“The Mad Modder” was a tag I picked up sometime in 2003. I was known as “Grump” for a long time – not an undeserved nick-name – and in ’03, I was hanging out a lot in case modding forums. I built the computer you see in the picture (click it to see a larger version) and it impressed someone at CPU Magazine and it was featured in the October 2003 issue and I became the first “Mad Reader Mod.” Of course, the title was derived from my nick-name and a few people in the modding circles began calling me “the mad modder.” I even got the domain name, The Mad Modder dot com, which at one time had a pretty nice forum – another one of those things I had to give up when I got sick.
But that isn’t what this entry is about. I only mention my case modding because it has been the kind of thing I have enjoyed doing for many years. Oh, not just computer case modding, but modding just about everything. I used to build model cars when I was a kid – customized them and even got published in a model car mag back then. I’ve tried to modify cars, my homes, hell, I even modified the way I pack this damn oxygen tank around – but more on that later. What I am taking the long way around getting to is that I spent the biggest part of this day modifying this website. I just couldn’t leave well enough alone.
The theme I chose for this site was a simple one. Casual, like me, understated colors because I like to pepper my posts with images and graphics, but with an interesting graphic that I immediately knew I was going to be able to replace. The original design looks like this:
Coffee Stained Sample Site (sorry, the theme is no longer available, but it was a very light beige color, 2-columns and had a large coffee ring stain in the middle of it). Well, it wasn’t as quick and simple as I had first thought, but I am really happy with the results. I completely re-did the page graphics, changed the color slightly and moved the column overlays a little lower on the page. I originally search the Net for graphics that I could use with a little editing here and there. But, as usual, I wasn’t satisfied.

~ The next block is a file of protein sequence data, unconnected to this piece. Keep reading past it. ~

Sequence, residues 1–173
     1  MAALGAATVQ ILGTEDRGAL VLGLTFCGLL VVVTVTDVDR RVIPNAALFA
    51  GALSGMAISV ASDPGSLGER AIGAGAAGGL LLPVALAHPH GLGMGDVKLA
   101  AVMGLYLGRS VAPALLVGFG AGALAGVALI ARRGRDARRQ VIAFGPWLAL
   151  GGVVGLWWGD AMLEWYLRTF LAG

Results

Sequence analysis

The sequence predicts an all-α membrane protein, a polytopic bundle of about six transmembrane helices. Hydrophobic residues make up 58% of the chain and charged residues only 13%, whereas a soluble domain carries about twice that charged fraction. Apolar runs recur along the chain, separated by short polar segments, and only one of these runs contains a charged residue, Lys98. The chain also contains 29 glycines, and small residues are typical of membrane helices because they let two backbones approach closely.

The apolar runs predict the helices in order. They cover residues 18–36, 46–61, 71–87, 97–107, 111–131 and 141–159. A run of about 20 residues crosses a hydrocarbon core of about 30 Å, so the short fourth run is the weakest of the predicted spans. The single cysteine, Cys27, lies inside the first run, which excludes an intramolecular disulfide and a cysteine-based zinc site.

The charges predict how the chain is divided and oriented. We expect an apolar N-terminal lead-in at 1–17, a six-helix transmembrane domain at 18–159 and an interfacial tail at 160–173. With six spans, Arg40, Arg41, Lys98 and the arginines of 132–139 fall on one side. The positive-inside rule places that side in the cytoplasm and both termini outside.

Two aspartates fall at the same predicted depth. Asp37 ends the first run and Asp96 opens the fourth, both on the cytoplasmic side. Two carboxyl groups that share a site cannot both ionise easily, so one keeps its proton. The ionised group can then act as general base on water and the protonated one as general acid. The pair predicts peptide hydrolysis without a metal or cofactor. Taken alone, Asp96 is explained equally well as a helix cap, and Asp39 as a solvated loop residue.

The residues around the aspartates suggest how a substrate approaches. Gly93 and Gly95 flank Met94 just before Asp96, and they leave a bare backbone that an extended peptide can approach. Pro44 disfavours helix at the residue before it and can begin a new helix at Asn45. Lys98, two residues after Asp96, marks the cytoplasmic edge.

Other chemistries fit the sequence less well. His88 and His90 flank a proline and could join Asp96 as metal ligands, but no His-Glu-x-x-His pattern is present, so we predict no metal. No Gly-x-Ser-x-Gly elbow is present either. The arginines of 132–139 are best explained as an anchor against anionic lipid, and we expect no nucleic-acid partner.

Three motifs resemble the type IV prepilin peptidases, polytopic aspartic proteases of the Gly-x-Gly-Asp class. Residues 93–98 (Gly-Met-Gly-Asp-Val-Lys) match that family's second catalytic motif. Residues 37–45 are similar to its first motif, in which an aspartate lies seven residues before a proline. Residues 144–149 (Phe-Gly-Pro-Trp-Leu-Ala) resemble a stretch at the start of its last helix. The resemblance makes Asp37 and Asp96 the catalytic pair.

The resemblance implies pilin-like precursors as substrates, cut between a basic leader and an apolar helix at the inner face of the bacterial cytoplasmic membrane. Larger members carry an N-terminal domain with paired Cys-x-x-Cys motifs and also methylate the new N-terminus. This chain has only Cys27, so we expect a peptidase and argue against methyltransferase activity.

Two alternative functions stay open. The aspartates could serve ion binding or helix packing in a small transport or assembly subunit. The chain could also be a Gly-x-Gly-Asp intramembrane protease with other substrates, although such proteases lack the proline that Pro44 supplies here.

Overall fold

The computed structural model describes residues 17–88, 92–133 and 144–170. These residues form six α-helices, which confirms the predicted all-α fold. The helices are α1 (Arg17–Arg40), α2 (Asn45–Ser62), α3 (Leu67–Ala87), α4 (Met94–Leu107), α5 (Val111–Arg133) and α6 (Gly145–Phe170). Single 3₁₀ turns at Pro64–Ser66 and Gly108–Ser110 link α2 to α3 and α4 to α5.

Photography has been a hobby of mine for a long time. I have a portfolio I show prospective models – yeah, I like taking pictures of women more than anything else – and I like to think I’ve done some interesting landscapes and abstract work. But today was about the website graphics and I am real pleased (just in case by the time you have gotten around to reading this, I have changed the website again, the graphic on the right is a screenshot of the style I am referring to – click it to see it full-size). It took hours to get the pictures just right. I use Adobe Fireworks for most of my work, but I also use Corel Paint Shop Pro – Fireworks can’t be beat for graphics, but for photo manipulation, it’s lacking and I can’t get the hang of Adobe PhotoShop.
I shot a couple dozen pictures of the oxygen tank on a couple different backgrounds. At first, I thought the tank should have no background at all (except for the graphics of the page), so I spent an hour trying to erase it from the picture. But then I thought, the picture I liked the best was on a background that was similar to the color of the page design already, so I just used the Fireworks Fade Image command and played around with the controls until it looked the way I wanted. I had to use the eraser to soften and blend the hard edges left over. The image was too bold and colorful for a page graphic, so I tried a few different things before I finally settled on the sepia-tone look.
The small drug store I have on my bedroom dresser was a bit tougher. I shot a lot of pictures of those in many different configurations. When I looked through all my shots with my favorite image management program (Thumbs Plus), I finally decided on the very first picture I took. This picture is one I had to remove all traces of the background material I used for the setup – an old flannel sheet. It took a couple of hours, but it turned out very nice, I think. Fireworks has a couple tools for removing backgrounds and I usually like the Magic Wand tool the best, but the flannel wasn’t going to go away so easy. I ended up using the Eraser tool and manually traced around every pill bottle and inhaler. My neck was sore, my back ached, my hand cramped up a couple times, but all that pain put a really big smile on my face when I saw the results.
Okay, I’m bragging; after all, I am The Mad Modder. I hope you like my efforts though.